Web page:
Are you the type of person who can’t wait to see what’s in the next smartphone release? All the bells and whistles, bigger, faster, better. You may have similar feelings about intriguing new capabilities for the contact center. This article discusses five cutting-edge technologies that are poised to move beyond early adopters: Short Message Service (SMS), visual IVR, mobile devices, voice biometrics and video.
Texting the Contact Center
Voice and email have long been established channels for a customer to reach an agent. Web chat is also a mature offering. With the proliferation of mobile phones and increase in text messaging, SMS is gaining ground in customer service. With this channel, customers can “text” the center through an IVR menu choice, a button on a mobile application, or by simply entering a target number on their phones. Many companies proactively send text messages with order confirmations, ticket/case numbers, appointment reminders and other customerspecific information.
Leaders in financial services, travel and other industries leverage mobile apps to increase self-service. Instead of simply displaying the toll-free number in the “contact us” section of the application, a “push to call/text” button provides a quick path to an agent. These apps also facilitate switching between voice and text channels. For example, if I’m texting with an agent, I can request a call with that agent to clarify and resolve my issue. The agent can follow up with a confirmation or “recap” text to my phone. Interweaving text with voice builds momentum for text-based offerings and delivers a great customer experience. To optimize costs, agents can handle multiple texts and/or support other media such as email simultaneously.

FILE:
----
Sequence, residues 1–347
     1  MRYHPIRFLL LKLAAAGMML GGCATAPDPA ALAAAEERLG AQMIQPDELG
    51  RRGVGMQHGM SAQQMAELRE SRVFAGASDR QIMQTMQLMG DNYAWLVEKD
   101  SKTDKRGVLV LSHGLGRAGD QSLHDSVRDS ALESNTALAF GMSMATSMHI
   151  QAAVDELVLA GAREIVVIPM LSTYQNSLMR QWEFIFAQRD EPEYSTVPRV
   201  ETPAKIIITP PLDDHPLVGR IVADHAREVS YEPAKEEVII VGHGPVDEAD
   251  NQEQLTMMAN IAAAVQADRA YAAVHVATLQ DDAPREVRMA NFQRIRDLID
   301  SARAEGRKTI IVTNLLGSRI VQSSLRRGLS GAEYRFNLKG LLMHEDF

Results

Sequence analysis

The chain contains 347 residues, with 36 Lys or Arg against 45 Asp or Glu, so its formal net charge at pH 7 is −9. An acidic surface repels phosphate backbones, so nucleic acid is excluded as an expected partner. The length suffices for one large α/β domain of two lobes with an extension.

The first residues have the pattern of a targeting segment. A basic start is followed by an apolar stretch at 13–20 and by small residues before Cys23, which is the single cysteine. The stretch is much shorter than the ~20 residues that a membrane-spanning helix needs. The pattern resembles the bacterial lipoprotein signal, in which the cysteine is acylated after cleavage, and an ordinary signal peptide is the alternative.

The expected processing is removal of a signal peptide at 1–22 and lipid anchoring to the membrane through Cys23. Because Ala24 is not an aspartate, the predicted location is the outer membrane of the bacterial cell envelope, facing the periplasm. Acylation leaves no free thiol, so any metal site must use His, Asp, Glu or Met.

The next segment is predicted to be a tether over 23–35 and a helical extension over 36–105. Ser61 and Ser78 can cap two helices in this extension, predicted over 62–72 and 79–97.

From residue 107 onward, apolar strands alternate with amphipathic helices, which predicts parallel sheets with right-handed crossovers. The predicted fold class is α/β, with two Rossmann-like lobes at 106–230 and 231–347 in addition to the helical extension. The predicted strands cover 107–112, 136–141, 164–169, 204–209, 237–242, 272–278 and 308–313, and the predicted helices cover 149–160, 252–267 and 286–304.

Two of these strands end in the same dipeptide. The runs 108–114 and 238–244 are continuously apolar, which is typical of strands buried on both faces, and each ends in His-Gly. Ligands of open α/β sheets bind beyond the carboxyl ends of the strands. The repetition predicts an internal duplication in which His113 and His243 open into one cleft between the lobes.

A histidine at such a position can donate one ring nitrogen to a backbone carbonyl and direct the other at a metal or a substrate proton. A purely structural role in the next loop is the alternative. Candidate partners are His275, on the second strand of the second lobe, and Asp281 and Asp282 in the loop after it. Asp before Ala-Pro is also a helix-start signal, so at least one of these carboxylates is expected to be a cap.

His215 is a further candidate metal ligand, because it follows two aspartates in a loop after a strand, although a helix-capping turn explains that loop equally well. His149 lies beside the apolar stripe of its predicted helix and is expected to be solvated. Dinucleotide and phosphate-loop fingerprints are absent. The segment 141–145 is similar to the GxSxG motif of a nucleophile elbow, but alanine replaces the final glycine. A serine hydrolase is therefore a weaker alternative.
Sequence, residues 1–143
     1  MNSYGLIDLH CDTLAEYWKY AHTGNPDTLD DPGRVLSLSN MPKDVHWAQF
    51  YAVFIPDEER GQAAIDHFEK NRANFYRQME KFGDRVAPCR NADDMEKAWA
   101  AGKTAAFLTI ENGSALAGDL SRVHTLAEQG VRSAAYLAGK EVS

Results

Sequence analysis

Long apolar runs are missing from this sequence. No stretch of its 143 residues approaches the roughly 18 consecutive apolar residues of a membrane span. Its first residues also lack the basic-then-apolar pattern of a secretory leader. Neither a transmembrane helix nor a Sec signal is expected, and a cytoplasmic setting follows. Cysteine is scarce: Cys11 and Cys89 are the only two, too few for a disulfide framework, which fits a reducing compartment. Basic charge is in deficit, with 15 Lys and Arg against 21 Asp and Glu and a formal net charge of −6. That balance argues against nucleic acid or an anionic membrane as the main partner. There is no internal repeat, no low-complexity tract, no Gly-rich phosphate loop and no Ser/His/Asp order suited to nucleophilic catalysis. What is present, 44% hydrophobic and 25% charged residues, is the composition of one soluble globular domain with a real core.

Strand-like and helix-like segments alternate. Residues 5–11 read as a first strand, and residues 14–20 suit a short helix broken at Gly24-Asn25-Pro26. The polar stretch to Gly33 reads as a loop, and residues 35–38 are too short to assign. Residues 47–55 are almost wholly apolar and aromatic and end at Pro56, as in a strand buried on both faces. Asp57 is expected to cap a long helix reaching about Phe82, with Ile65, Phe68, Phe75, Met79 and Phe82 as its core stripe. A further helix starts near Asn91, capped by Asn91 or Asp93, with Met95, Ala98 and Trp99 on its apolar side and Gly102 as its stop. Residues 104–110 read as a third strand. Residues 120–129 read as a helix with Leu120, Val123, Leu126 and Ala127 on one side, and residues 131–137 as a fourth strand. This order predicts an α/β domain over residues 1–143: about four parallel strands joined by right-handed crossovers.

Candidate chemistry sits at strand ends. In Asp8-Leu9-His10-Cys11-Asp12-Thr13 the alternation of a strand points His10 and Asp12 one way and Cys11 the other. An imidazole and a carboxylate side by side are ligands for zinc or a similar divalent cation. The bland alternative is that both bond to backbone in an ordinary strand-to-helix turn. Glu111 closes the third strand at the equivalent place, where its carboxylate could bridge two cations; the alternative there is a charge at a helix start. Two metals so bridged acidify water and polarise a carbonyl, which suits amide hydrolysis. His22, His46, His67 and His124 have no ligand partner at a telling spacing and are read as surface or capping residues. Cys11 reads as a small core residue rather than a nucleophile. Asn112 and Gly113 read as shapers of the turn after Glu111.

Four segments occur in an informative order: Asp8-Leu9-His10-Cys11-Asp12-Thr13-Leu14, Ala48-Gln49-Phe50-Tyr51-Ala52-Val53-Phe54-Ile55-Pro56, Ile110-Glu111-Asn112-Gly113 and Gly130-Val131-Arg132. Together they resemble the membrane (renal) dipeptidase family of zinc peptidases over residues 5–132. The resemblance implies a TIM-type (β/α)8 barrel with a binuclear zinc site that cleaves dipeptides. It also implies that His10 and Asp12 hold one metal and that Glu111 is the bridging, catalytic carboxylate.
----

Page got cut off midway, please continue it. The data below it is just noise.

Smart phone apps can provide visual menus that replicate the spoken menu choices offered in traditional IVRs. Customers use their touch screens to navigate through the visual menus and transfer to the appropriate agent groups.
To optimize the customer experience, visual IVR menus can be dynamic, based on customer value, segmentation or where they are in the app. When the customer asks to switch channels and speak to an agent, they need not navigate the IVR menu choices again. The call transfers directly to the appropriate queue based on where the caller exited the application, along with any other information that is available on the account.
Visual IVRs are a way to leverage your existing IVR investment, maintain the voice interface on the IVR for those who do use it, and add another option to increase your self-service success. If you can’t get the funding for dynamic menus or sophisticated self-service apps, visual IVR is still a worthy investment. It gives you a mobile presence that enhances the customer experience while enabling you to deflect voice calls and shorten handle times.
Bring Your Own Device to the Contact Center